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College Basketball Is About Player Development, Says Herb Sendek, And It Shows In Olympics

With the 2012 London Olympics soon upon us and people get excited about watching the USA baseketball team with LeBron James, Kobe Bryant and Kevin Durant, if you take a closer look at the players that represent the nations in the Games in basketball, you will find that of the Olympic basketball players among the 12 nations that will compete, US college basketball is a common thread.

Some might say that college basketball in the United States is the training ground for world basketball.

The proof? Of the 144 players, 46 played college basketball and 40 "spent extensive developmental time in US Division 1 schools." That includes Nigeria, whose team is comprised of almost all players who were in college basketball (including ASU standout Ike Diogu).

Arizona State head coach Herb Sendek, who coached two Olympians -- USA's James Harden and Great Britain's Eric Boeteng -- explains why the college game is producing so many of the world's basketball Olympians.

"Development probably is the No. 1 thing that prospects look for in evaluating a school. Guys typically want to go where they have a chance to play and get better.

"It's an important piece in the recruiting puzzle, and in terms of performance it's incredibly important. With few exceptions, when you make the transition from high school to college, you're not good enough. You've got to keep getting better."

The best players leave quickly, but those are the very best. They don't need the development. they can move on. Th rest? They improve.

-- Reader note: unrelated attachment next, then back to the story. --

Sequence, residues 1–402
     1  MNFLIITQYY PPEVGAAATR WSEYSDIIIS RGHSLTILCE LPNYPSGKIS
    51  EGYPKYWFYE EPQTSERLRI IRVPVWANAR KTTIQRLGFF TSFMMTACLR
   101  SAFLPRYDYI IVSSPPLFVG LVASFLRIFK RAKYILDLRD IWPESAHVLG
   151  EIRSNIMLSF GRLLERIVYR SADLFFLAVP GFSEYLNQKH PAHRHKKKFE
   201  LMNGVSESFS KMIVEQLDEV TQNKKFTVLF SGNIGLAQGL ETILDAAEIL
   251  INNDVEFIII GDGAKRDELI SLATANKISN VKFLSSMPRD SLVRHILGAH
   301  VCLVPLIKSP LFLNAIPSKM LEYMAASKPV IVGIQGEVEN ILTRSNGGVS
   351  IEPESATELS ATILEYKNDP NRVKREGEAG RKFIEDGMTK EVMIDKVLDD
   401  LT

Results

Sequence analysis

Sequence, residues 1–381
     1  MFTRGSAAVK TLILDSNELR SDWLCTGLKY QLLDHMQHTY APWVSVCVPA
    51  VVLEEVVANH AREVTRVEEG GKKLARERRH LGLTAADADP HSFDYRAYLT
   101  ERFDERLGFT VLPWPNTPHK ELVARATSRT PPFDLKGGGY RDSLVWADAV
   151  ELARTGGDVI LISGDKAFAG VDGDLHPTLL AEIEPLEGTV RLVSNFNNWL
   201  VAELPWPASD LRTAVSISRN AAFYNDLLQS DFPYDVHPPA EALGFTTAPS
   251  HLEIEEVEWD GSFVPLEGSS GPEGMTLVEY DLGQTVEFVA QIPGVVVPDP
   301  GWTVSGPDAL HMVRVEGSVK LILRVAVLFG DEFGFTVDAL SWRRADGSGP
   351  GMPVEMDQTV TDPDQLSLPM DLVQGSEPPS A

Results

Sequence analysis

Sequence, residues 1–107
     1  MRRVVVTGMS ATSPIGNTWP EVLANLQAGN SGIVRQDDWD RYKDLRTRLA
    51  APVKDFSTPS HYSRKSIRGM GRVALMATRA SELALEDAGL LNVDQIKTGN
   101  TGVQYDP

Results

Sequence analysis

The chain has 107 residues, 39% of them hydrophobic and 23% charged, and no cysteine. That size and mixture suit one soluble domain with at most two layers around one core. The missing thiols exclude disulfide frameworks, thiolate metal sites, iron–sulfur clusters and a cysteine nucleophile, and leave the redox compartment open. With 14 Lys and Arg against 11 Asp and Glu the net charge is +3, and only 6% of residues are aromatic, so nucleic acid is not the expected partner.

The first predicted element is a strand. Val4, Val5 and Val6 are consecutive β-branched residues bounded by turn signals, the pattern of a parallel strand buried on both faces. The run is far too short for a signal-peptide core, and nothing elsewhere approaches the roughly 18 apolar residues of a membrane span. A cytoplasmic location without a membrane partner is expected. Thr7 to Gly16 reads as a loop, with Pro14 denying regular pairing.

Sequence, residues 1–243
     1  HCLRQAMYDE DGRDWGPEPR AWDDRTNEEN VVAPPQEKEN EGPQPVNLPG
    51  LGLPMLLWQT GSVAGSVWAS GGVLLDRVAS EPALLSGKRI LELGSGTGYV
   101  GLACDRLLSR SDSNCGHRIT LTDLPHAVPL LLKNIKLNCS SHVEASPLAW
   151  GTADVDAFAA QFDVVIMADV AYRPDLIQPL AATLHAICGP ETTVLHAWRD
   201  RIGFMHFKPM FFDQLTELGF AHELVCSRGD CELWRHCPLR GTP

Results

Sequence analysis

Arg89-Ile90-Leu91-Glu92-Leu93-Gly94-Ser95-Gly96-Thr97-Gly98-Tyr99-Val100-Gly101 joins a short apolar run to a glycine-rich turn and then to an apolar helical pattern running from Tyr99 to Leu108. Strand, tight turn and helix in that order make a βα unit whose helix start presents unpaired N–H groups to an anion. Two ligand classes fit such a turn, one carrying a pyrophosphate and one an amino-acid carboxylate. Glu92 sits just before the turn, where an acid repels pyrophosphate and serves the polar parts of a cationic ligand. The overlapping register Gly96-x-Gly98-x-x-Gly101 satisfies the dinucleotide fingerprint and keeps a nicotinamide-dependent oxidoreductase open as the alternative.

James Harden was a little soft-bodied and couldn't use his right hand much. After time at ASU, "he compiled the best composite score in physical testing of any wing player at the NBA Scouting Combine."

Russell Westbrook was no one special coming into college. He was not a highly touted recruit. He became a UCLA star his sophomore year and is now one of the NBA's best point guards.

The time period in which USA basketball seemed to get worse wasn't so much about the talent at the NBA being bad. Yes, it was hard to get the NBA's brightest stars to participate and they did not play cohesively. But more of the decrease in the talent gap could be because more players from around the world are playing basketball in the US in its universities. They are developing talent for the rest of the world and the game is benefiting, even if it makes things a little tougher for the US team.

Sure, college basketball could use a few more of its stars staying in school longer. But it is doing its job in development.

The proof is in the pudding. Roughly a third of all basketball Olympians player college ball in the US.

That's not a bad feather to have it your cap.